The practice popularized by France’s leading (and also bleeding-price) culinary establishments , like Ducasse’s L’Arpege and Monaco’s Le Louis XV, and neo-American centers like Manresa, of using vegetables as show-stealers by themselves, had made me look forward to a similar phenomenon in Quay since Gilmore’s “product-driven” mantra is often propagated in the news. For an Indian like me , stunning vegetable preparations are a “been there, done that” thing, but fantastic-tasting au naturelle vegetables, with barely any spice or sauce, are admittedly very rare even in a vegetarian paradise like India or far that matter in my current domicile of eco-rich NZ . So in Quay I expected something on the lines of a cherry tomato that’d pop me out of my mind, or peas that’d detonate the senses.
The menu’s last offering before dessert had broad-bean pods sitting on top. Flicking off one specimen, I tasted it with high hopes. Resonant vegetal zip remained a phantom, as was the sauce, and the thin, meager cut of lamb underneath was tender but nearly tasteless, as though both meat and vegetable had been thoroughly washed off most of their essence. Putting extra words in the menu description “Flinders Island Grass Fed Lamb” had alas not succeeded in putting extra taste into that slice. This “dish”, especially in light of what had come before it, flummoxed me - was this really the great Quay of stunning food that I’d heard and read so much about? Gilmore for some reason will not let a cut of plated meat expose itself to the harsh outside world, so tender slices of duck that came next were totally shrouded by toasted rice and barley. That unpleasantly crunchy coating, no great shakes and surely not a suitable nor a superior replacement to a well-roasted natural exterior, stifled the already delicate taste of the duck.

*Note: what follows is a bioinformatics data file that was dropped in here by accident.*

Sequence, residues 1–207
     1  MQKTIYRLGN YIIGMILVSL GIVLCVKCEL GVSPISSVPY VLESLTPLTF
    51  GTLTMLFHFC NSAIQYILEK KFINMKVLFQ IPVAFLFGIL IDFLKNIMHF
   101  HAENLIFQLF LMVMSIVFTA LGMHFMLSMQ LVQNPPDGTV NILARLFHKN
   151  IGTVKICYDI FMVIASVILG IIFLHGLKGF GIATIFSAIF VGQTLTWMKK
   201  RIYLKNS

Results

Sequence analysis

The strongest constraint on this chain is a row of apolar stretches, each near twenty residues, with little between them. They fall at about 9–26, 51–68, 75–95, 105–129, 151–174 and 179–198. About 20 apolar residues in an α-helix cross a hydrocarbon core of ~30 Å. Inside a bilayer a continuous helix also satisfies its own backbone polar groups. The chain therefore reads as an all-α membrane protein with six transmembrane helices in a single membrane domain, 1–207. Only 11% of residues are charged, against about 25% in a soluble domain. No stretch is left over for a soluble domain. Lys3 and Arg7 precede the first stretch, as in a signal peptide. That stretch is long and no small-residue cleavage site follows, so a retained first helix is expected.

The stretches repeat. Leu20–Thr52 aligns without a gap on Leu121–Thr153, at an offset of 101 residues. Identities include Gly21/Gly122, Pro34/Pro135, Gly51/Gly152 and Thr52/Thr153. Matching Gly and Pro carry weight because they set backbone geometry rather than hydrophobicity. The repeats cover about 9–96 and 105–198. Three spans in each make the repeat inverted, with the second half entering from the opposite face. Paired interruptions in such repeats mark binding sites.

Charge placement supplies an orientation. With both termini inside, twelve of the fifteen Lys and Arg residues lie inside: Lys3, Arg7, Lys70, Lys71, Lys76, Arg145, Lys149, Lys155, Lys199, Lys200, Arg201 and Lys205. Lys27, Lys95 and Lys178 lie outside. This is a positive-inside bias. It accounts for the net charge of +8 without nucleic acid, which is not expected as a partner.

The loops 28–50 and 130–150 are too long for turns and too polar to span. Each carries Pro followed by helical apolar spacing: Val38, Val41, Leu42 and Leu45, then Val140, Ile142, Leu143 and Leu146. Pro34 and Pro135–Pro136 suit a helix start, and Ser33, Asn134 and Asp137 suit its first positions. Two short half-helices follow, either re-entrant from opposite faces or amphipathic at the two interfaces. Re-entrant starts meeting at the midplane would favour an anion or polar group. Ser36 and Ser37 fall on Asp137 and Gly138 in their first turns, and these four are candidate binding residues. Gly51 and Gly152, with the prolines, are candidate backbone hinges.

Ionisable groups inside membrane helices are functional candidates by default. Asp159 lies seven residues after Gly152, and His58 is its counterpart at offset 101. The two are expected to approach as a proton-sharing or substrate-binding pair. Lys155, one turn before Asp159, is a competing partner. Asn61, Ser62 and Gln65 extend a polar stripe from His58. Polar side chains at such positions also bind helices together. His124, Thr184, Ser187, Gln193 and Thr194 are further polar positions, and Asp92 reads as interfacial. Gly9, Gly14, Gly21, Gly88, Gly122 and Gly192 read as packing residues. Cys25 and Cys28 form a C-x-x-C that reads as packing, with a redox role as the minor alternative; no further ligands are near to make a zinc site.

Peter Gilmore’s desserts have become more popular in the public eye, than have his savory creations and my meal justified why that was so. His famous “Snow Egg” - the first offering from the sweets that afternoon - is no doubt a special and wonderfully balanced dessert though its novelty was precluded for me as I’d eaten an excellent version of it years ago in Wellington’s White House. Your spoon cuts through a crisp caramel coat, slices past an egg custard and reaches a sweet nippy core of nectarine ice cream. Go through all the way to the bed of the glass and you scoop up good ol’ vanilla - all this is gheraoed by refreshing nectarine granita.
Of the top-rated fine-dining Aussie restaurants I experienced on that trip - the others being Marque, Vue De Monde and Flower Drum - all of which were ultimately underwhelming to different degrees, Quay was the biggest disappointment, with a good many dishes ill-conceived in that tasting menu. Admittedly single-visit reviews carry less weightage than ones based on multiple meals, but as a visitor to Australia who doesn’t have the luxury of cumulative assessments, this is what I felt. The country remains a remarkable one in my eyes, mystic and massive, its great scorched outdoors being an ideal arena for a Walkabout to make his bones. As for its indoors, its restaurant realms to be specific, I’ll wait for the future to show me better chops.
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UPN , near Quay, circa 2014.